All string-based, user-defined exceptions are now class-based, too; string exceptions appeared half a dozen times in the book's examples, but are documented as deprecated today. This is usually just a matter of changing to class MyExc(Exception): pass, though, in one case, exception constructor arguments must be extracted manually with the instance's args attribute. 'X' also became repr(X) across all examples, and I've replaced some appearances of while 1: with the newer and more mnemonic while True:, though either form works as advertised and C programmers often find the former a natural pattern. Hopefully, these changes will future-proof the examples for as long as possible; be sure to watch the updates page described later for future Python changes.
One futurisms note: some purists might notice that I have not made all classes in this book derive from object to turn on new-style class features (e.g., class MyClass(object)). This is partly because the programs here don't employ the new-style model's slightly modified search pattern or advanced extensions. This is also because Python's creator, Guido van Rossum, told me that he believes this derivation will not be required in Python 3.0standalone classes will simply be new-style too, automatically (in fact, the new-style class distinction is really just a temporary regression due to its incompatible search order in particular rare, multiple-inheritance trees). This is impossible to predict with certainty, of course, and Python 3.0 might abandon compatibility in other ways that break some examples in this book. Be sure to both watch for 3.0 release notes and keep an eye on this book's updates page over time.
You'll also notice that many of the second edition's larger examples have been upgraded substantially, especially the two larger GUI and CGI email-based examples (which are arguably the implicit goals of much of the book). For instance:
In addition to the enhanced and new, major examples, you'll also find many other examples that demonstrate new and advanced topics such as thread queues.
In addition to example changes, new topics have been added throughout. Among these are the following:
Beyond these specific kinds of changes, some material has been reorganized to simplify the overall structure. For example, a few chapters have been split up to make them less challenging; appendixes have been removed to save space (references are available separately); and the PyErrata web site example chapter has been removed (it didn't present many new concepts, so we've made it and its code available in the book's examples distribution as optional reading).
You'll also find a new "Sneak Preview" chapter for readers in a hurrya throwback to the first edition. This chapter takes a single example from command line to GUI to web site, and introduces Python and its libraries along the way.
Fundamentally, though, this edition, like the second, is still focused on ways to use Python rather than on the language itself. Python development concepts are explored along the wayin fact, they really become meaningful only in the context of larger examples like those in this edition. Code structure and reuse, for instance, are put into practice by refactoring and reusing examples throughout the book.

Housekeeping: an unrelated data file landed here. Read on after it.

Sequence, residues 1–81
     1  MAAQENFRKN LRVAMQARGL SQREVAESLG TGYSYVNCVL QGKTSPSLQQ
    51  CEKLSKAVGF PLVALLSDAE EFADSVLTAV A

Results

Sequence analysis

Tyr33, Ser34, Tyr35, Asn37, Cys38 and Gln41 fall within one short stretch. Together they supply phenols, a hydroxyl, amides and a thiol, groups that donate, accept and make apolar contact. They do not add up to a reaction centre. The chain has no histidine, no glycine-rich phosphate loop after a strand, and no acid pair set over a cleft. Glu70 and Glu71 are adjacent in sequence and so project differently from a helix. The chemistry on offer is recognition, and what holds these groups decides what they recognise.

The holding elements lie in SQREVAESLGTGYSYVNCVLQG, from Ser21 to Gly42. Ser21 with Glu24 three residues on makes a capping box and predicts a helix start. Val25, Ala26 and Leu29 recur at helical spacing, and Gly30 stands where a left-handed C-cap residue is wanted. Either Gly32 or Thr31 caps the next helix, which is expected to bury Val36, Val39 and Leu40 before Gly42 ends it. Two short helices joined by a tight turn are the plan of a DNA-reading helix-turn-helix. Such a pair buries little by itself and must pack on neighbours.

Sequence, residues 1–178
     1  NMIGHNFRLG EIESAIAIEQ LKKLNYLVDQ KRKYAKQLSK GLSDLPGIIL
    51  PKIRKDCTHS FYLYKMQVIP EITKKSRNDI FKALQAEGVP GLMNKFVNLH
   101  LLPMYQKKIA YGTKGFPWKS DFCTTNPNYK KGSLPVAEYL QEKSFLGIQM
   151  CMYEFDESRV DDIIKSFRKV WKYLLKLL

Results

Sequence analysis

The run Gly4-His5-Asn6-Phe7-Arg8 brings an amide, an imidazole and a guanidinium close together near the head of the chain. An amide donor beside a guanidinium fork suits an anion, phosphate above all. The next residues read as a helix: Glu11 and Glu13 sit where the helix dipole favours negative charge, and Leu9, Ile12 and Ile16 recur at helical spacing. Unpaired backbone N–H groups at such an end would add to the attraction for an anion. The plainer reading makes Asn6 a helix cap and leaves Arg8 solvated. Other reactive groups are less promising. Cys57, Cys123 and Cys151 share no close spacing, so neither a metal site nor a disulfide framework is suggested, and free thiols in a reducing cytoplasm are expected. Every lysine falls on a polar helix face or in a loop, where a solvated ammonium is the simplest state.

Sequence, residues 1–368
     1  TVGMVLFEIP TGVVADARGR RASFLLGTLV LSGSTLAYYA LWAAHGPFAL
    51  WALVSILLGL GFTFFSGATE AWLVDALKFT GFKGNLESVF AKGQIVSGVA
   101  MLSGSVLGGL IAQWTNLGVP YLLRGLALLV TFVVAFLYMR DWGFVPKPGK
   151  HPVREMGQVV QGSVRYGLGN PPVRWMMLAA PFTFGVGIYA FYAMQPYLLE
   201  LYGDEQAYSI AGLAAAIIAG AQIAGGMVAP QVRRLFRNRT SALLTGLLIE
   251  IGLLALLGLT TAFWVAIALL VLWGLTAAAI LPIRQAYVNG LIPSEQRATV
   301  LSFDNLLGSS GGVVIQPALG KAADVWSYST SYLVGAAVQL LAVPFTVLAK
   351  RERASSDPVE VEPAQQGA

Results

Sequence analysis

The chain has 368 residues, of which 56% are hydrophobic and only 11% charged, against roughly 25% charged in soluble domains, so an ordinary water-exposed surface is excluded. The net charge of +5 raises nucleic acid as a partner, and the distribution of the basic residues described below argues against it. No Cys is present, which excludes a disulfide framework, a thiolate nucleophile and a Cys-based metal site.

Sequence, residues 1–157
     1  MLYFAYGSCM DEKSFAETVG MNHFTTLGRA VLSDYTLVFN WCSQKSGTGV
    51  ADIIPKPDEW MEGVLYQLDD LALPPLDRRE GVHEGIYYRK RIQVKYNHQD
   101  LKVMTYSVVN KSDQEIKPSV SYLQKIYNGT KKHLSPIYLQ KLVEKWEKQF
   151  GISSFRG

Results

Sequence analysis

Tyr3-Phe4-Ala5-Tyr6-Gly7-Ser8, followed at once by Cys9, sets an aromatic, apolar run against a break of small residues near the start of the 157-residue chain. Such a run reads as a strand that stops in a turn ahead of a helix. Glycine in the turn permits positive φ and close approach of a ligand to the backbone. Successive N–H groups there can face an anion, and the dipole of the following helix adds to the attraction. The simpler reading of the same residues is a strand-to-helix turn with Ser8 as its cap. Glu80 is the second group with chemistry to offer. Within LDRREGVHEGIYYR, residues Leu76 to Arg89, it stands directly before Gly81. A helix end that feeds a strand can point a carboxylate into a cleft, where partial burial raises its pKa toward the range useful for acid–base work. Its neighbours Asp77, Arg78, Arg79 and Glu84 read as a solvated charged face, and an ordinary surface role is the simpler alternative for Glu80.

But in general, this text assumes that you already have at least a passing acquaintance with Python language fundamentals, and it moves on to present the rest of the Python storyits application to real tasks. If you find code in this book confusing, I encourage you to read Learning Python as a prelude to this text.
In the remainder of this preface, I'll explain some of the rationales for this design, describe the structure of this edition in more detail, and give a brief overview of how to use the Python programs shipped in the book examples package.
This Book's Motivation
Over the 10 years since the first edition of this book was written, Python has transitioned from an emerging language that was of interest primarily to pioneers to a widely accepted tool used by programmers for day-to-day development tasks. Along the way, the Python audience has changed as well, and this book has been refocused with this new readership in mind. You will find that it is a nuts-and-bolts text, geared less toward introducing and popularizing the language and more toward showing you how to apply Python for realistically scaled programming tasks.
Since writing the first edition, I have also had the opportunity to teach Python classes in the U.S. and abroad some 170 times as of mid-2006, and this book reflects feedback garnered from these training sessions. The application domain examples, for instance, reflect interests and queries common among the thousands of students I have introduced to Python. Teaching Python to workers in the trenches, many of whom are now compelled to use Python on the job, also inspired a new level of practicality that you will notice in this book's examples and topics.
Other book examples are simply the result of me having fun programming Python. Yes, fun. One of the most common remarks I hear from Python newcomers is that Python is actually enjoyable to useit is able to both kindle the excitement of programming among beginners and rekindle that excitement among those who have toiled for years with more demanding tools. When you can code as fast as you can think, programming becomes a very different proposition and feels more like pleasure than work.